•  Arrachera - I don't know how they do it, but this is the most flavourful, the most tender, the most heavenly hunk of beef you will EVER buy in any country in the world (this may be an exaggeration, but my love for arrachera knows no bounds).  I'm sure the marinade in the packages you purchase in the supermarkets have all sorts of questionable ingredients, but this could be the only time that I look the other way....the meat is THAT GOOD!  We first discovered it many years ago, when we first arrived in Mexico.  With friends, we visited the Costco located in Cabo san Lucas, and I admit to turning my nose up when Ron dumped a huge 4 pound package of this premarinated skirt steak in the cart.  I adopted my "when in Rome....." attitude when I agreed to purchase it, we grilled it a few nights later, and promptly returned to Costco for 5 more packages to stick in the freezer.      
Oh, yes, after 3 years away from Mexico and making this unscheduled return to our first "foreign" country after leaving Canada, we are going to make the most of the food.  How we've missed you!!! 

Tuesday, March 24, 2015

The end of the adventure....

So I'll pick up where I left off several weeks ago.  The day after the last post, Day 8, was frightful.  With sustained 35-40 knot winds, I came up from a break at 4am to hear Ron screaming at me to get him a knife.  The stainless steel radar mount had sheared in 1/2, and the radar, with it's base, was banging and whipping around the mizzen rigging.  No way in the current conditions to climb aloft to make an alternative plan and lower the radar to the deck (perhaps we could have done that had it been daylight), so we made the decision to cut it away.  And so we did, watching as $2000 fell into the sea.  I try to look on the bright side of all situations, and while in this case it was more difficult, it could have been worse if it had fallen down onto the 5 solar panels within striking distance.  The rigging was safe, we were safe, and the true adventure was just beginning.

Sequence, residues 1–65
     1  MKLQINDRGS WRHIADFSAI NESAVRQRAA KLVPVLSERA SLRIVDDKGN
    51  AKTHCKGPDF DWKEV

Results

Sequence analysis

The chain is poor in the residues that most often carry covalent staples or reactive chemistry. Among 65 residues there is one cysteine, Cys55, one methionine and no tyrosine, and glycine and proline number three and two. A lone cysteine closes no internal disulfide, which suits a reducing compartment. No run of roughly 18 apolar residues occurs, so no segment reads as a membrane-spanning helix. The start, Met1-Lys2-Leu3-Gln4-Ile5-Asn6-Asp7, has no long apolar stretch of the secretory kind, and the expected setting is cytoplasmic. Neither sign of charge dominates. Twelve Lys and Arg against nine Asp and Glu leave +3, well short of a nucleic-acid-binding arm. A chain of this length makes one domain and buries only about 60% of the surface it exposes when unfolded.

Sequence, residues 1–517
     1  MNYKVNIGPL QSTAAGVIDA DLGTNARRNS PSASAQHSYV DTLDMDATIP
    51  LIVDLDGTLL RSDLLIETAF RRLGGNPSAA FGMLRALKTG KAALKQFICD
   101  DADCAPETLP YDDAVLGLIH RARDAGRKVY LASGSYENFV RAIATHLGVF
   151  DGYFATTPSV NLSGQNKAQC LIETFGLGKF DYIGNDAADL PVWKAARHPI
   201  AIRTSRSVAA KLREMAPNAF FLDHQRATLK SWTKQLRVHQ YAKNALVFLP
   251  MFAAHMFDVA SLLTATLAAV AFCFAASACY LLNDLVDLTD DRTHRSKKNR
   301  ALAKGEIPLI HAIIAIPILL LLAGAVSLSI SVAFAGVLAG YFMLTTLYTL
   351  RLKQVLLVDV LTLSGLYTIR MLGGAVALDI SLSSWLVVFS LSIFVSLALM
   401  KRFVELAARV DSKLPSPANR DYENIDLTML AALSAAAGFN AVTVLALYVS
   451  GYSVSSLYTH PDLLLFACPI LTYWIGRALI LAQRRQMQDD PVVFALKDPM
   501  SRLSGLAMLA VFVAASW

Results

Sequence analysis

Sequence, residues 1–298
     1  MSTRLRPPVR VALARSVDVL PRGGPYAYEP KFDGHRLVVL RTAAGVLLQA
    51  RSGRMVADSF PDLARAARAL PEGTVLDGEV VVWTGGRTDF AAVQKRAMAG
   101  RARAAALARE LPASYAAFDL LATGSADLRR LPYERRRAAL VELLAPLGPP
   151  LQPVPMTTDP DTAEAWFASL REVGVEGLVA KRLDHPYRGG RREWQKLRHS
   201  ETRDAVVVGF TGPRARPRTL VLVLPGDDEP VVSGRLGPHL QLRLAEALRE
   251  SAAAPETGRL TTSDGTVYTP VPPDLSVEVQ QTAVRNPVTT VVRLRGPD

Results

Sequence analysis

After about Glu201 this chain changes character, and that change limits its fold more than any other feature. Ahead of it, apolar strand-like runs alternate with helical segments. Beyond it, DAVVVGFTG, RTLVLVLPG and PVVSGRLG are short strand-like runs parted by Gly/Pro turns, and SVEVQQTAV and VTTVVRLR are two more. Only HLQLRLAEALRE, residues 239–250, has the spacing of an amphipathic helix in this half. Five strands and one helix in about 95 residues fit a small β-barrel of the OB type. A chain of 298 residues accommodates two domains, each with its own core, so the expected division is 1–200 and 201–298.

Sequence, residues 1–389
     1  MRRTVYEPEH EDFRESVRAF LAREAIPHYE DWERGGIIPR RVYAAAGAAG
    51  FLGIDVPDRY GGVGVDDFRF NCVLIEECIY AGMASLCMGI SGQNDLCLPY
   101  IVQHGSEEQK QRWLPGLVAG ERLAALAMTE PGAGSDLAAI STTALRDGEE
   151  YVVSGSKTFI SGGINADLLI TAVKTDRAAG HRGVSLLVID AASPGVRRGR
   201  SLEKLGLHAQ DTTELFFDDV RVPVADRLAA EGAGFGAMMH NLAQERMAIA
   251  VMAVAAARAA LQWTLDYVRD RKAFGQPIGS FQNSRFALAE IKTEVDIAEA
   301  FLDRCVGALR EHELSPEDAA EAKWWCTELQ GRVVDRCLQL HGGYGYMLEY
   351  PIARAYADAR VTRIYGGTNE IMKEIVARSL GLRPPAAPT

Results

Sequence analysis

Ron had been stressed; the worry of keeping me safe, keeping the boat safe, keeping the systems was starting to take it's toll.  We spent several hours discussing our situation, coming up with alternative plans.  The overriding thought between us, was that the last 5 years while cruising, we had been complacent.  It was difficult to get replacement parts, it was difficult to do major repairs and upgrading, but we were now faced with the future destination (Easter Island) and the loss of our radar.  The conditions were pushing our boat to it's limits (or so we thought) and we decided that if we really wanted to continue with the sailing life, we needed to do some upgrades, and the easiest place to do those was going to be Mexico.  Yes, it was a long way away, but water and food and fuel were plentiful, and the long range needs took precedence.  So, we turned the boat 180 degrees away and started heading north.

25-45 knot winds, 10-15 foot seas, some south and some east winds, we were doing fine, and had Mexico in our sights, 700 miles away. Then....disaster.  One day, there was some uneven reving with the engine, as we were using it under massive swells, but no winds.  Exploration discovered lots and lots of water in our fuel filters and an hour later, the engine had quit, never to start up again.  The fuel injection pump was hooped!

Not a problem, we thought.  We're a sailboat, and while we may not get there as fast as we could, as long as the wind held, we'd be fine.  AS LONG AS THE WIND HOLDS!!!!